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Tuesday, October 30, 2012
Sox aggressive in locking up Jake Peavy

By Bruce Levine



The Chicago White Sox's re-signing of Jake Peavy is the first indication that the aggressive style former general manager Kenny Williams was best known for still exists under Rick Hahn.

Jake Peavy
Jake Peavy skipped the free agent market and re-signed with the White Sox.
Hahn, just five days into his new position, sent a clear message to Sox fans that “we are going for it” with his decision to sign Peavy and pick up the $9.5 million option on Gavin Floyd for 2013.

Sensing a weak free agent market for starting pitching, the Sox chose to be proactive with Peavy and his new agent, Jeff Barry. Barry has a long history of getting pitchers signed in Chicago, just one year removed from having negotiated a five-year, $65 million contract for John Danks. (Danks’ deal is the longest term and most money of any contract for a Sox pitcher.) Barry also represents former Sox icon Mark Buehrle.

There are certainly risks involved in giving Peavy a two-year deal. The 2012 season was his first healthy season since 2007 and any scout will tell you that Peavy’s delivery makes him vulnerable to injury on every pitch. All that said, the marketplace would likely have presented Peavy with three-year offers at around $45 million. Peavy, to his credit, chose loyalty to his teammates and the organization over the money.


“I love what we have and what we are building in Chicago,” Peavy said. “We care about each other. We have fun on and off the field. That (feeling) truly translates on the field in wins and losses. I believe that with all my heart.”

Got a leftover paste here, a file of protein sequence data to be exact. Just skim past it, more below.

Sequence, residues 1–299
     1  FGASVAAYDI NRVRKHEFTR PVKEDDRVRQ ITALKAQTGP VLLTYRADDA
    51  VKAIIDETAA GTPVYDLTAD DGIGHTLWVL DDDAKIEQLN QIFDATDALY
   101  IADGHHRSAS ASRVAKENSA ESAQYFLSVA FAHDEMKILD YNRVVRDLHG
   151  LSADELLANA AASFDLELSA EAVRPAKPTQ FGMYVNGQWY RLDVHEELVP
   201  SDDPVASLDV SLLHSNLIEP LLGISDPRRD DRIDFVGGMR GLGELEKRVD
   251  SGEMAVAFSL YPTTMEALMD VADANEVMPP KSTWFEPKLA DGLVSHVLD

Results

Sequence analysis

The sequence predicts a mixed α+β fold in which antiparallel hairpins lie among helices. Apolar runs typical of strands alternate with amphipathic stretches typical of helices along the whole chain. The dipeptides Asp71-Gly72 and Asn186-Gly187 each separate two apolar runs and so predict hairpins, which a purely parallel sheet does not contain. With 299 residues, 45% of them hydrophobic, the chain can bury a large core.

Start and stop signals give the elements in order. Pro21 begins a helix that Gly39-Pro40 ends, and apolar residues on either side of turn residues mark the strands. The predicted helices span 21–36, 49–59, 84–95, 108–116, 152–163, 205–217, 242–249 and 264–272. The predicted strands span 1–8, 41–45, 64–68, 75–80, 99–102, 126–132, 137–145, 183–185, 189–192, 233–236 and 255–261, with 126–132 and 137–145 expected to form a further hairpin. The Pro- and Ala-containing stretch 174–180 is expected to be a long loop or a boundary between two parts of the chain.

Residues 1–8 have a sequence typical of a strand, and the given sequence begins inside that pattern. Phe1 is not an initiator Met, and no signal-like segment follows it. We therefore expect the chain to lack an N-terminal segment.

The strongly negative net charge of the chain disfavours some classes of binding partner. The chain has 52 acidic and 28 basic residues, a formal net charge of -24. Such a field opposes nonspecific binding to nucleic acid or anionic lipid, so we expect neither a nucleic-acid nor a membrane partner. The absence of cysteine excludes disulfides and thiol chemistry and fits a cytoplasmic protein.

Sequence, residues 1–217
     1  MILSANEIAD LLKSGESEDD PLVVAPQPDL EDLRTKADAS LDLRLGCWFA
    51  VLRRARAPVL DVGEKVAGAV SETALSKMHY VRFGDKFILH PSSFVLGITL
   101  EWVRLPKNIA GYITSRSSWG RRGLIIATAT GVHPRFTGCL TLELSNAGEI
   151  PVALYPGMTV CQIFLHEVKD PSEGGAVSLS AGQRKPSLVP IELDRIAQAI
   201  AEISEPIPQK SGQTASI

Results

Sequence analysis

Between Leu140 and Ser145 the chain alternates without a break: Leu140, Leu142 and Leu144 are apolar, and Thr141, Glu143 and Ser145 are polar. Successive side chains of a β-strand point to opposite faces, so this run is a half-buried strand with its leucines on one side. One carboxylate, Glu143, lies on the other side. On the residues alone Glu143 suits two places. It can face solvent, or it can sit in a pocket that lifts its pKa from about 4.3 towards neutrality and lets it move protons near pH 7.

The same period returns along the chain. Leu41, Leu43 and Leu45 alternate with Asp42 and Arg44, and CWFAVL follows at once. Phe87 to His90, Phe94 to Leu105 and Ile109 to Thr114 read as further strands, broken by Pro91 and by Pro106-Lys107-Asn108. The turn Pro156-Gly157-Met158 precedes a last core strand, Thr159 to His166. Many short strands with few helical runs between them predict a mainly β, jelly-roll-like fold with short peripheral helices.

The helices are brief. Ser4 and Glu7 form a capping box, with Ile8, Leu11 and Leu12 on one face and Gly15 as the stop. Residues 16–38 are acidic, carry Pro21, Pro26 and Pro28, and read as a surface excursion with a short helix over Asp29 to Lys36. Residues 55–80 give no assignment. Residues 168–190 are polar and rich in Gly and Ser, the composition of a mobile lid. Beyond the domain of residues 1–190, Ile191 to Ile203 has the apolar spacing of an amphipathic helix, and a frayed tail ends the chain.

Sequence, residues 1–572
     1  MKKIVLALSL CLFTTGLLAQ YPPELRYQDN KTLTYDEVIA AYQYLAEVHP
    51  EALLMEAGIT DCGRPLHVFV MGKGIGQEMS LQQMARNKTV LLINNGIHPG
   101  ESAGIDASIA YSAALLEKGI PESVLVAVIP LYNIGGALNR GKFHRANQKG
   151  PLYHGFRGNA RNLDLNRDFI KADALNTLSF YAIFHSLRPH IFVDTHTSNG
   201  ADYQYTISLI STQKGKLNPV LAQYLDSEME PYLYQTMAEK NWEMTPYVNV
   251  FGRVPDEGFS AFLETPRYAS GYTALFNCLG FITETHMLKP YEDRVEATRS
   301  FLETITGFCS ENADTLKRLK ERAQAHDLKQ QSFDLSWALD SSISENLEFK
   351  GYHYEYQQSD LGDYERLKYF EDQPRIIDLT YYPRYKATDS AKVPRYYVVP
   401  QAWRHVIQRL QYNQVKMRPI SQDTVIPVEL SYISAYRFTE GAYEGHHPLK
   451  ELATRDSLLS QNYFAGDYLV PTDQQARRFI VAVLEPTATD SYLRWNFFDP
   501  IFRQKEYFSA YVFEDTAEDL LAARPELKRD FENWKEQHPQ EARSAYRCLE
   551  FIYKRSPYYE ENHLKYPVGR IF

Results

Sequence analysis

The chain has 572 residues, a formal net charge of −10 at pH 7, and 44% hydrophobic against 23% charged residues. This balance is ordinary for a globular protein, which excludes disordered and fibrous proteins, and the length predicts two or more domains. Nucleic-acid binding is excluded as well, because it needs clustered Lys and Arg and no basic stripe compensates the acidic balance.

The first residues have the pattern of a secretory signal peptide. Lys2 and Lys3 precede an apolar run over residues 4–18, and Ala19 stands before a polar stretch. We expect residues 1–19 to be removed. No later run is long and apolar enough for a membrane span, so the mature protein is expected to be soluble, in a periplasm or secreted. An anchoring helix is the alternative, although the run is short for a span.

Floyd will give the Sox the luxury of a solid veteran starter who will be insurance for Danks returning from shoulder surgery this spring. Floyd also protects the team against a second-year flop from any of the good looking young Sox starters who pitched so well last season.

This year’s playoffs and World Series were a reminder to all that good pitching will always beat good hitting when a baseball championship is on the line. The Tigers’ staff made the Yankees look foolish and the Giants’ pitchers did the same to Detroit.

Hahn and Williams will continue to tweak the pitching staff, knowing their team lost the division series to the Tigers, going a staggering 6-12 in the head-to-head matchup. And to stay afloat in the Central Division is to outpitch the competition.

“We had as much talent as any of those teams,” said Peavy in reference to the World Series competitors. “The Tigers are a great team. They are adding a guy named Victor Martinez (Hurt in 2012 after 100 RBIs in 2011). We have to do a better job of beating those guys and Kansas City. We believe we can play with anybody in baseball.”